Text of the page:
Hawa Sally Samai
Thumbnail:Hawa Sally Samai is the founder and CEO of Advocacy Movement Network (AMNet), an NGO in Sierra Leone that promotes children’s and women’s issues, particularly the banning of female genital mutilation, which Samai herself experienced at age 15. Samai has never wavered in her dedication to helping women and children in Sierra Leone. Death threats, political opposition, and the consequences of challenging long-held traditions have not stopped her.
Profile:When she was 15, Hawa Sally Samai experienced female genital mutilation (FGM). The ritual, involving the partial or full removal of the genitalia, has been a common practice in Sierra Leone and considered sacred by much of the population. According to data from the World Health Organization, nine in ten Sierra Leone girls are cut, often with crude instruments such as penknives, broken glass, and razor blades. Some of the girls have bled to death after the cutting.
Samai grew up vowing to change this ritual, and in 2004, further motivated by the sufferings and hardships she witnessed during Sierra Leone’s civil war, she created the Advocacy Movement Network (AMNet), a Sierra Leonean NGO that advocates for laws and policies supporting women—and particularly the banning of FGM. Currently AMNet employs over 60 permanent staff, 15 interns, and 117 volunteers. The organization has been amazingly successful and counts clear contributions to several laws in Sierra Leone defending the rights of women and children, including the Sexual Offences Act, the Domestic Violence Act, and the Child Rights Act.
In addition, AMNet includesmany efforts—some supported by Samai’s personal resources—to empower and support young girls and women to become educated, attain economic independence and become responsible women. These efforts include:
• AMNet’s Child Protection program;
• Microcredit, which focuses on economicstrengthening of care-givers for children affected by child labor;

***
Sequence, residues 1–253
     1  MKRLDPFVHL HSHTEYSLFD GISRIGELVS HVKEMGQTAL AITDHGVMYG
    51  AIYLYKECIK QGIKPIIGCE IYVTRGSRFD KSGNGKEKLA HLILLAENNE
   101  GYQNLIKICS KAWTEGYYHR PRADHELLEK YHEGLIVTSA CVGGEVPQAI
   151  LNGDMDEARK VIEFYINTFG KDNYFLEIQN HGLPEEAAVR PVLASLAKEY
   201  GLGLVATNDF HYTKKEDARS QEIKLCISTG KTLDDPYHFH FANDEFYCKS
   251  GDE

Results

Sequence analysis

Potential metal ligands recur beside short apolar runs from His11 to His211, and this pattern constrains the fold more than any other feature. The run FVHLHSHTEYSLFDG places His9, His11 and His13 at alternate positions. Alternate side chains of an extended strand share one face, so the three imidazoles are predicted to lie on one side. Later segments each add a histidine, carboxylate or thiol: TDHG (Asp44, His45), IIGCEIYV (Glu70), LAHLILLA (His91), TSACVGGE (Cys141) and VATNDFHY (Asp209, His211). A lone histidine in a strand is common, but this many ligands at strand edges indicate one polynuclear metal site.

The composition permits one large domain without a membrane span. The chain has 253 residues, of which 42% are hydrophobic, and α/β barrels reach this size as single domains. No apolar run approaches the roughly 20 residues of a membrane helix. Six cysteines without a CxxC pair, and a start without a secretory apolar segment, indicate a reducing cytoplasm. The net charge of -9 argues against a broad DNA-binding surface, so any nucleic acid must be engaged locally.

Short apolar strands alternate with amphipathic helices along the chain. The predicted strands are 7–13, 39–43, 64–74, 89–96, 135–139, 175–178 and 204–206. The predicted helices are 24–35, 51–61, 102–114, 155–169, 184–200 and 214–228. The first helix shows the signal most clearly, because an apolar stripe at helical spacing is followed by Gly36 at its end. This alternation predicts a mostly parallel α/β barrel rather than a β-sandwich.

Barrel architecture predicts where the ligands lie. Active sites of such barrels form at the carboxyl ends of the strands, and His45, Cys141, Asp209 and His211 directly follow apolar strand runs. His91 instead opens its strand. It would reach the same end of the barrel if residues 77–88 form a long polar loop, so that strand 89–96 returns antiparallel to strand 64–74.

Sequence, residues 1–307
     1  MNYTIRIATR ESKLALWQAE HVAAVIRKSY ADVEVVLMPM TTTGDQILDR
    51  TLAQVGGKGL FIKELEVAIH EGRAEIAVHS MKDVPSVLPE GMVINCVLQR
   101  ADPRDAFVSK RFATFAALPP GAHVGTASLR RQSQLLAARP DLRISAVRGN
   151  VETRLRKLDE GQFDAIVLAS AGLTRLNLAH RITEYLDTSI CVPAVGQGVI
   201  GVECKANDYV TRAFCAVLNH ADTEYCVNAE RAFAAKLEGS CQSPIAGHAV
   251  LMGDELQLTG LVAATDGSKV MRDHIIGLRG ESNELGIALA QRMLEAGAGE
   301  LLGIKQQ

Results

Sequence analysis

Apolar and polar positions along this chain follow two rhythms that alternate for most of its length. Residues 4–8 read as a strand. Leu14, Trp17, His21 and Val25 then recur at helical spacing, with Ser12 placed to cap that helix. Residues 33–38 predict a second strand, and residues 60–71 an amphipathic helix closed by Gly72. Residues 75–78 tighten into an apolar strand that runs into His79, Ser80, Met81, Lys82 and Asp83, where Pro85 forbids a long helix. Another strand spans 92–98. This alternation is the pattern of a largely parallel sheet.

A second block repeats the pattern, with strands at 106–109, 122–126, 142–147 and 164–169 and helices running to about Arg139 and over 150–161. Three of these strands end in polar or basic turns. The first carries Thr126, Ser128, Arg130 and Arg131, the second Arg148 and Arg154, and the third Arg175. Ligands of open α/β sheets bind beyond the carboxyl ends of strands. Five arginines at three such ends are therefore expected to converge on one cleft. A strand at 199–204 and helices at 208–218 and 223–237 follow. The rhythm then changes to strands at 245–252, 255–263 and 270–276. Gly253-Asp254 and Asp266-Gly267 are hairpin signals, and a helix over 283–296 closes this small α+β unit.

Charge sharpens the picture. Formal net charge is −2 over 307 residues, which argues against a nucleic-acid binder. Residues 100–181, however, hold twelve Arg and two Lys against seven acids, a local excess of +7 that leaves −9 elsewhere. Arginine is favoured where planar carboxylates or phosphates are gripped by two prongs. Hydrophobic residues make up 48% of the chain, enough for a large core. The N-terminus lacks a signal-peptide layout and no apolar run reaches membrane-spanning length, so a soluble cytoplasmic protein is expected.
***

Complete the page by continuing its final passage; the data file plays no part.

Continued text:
• empowering children to report about and advocate for child rights etc.; and
• trainings in entrepreneurship. AMNet has trained hundreds of women to manage small businesses throughout Sierra Leone, empowering and supporting them to generate better profits and to send their children to school instead of sending them to sell on the streets. AMNet’s trainings give women opportunities to earn an honest living and to provide for both themselves and their children to live lives free of begging, prostitution and early marriages.
Of course, public advocacy of such laws and policies often flies in the face of deep-seated traditions. Advocating and working to stop FGM—a practice traditionally entrenched in tribal societies in Sierra Leone, has been met with stiff resistance. At one point, the “Soweis” (promoters of female genital mutilation) staged a protest against Samai, demanding her head. One of the phone calls Samai received during that time: “We will kill you, bury you, and nobody will know.”
Samai is undaunted by these threats—and has triumphed over them: Female genital mutilation was criminalized in 10 out of 14 districts in the country in 2014 and this led to an overall ban in 2019 that became part of the government’s Agenda for Prosperity. AMNet now facilitates the monitoring of the ban and the development of relevant bye-laws to implement the policy.
Samai continues with her advocacy. She was part of an important UN-backed global review of harmful traditional practices. In 2015, she and AMNet joined other women’s organizations to ask the government of Sierra Leone to adopt the Maputo Protocol, which guarantees comprehensive rights to women, including the right to take part in the political process, social and political equality with men, and improved autonomy in their reproductive health decisions. In addition, she is an international elections observer for the Organization of African Unity (OAU) and for the Economic Community of West African States (ECOWAS), where she was the only female on the ECOWAS elections’ fact-finding team. She was also the National Coordinator of the Sierra Leone Women Situation Room for the country’s 2018 elections, a body formulated for rapid response on violence during general elections.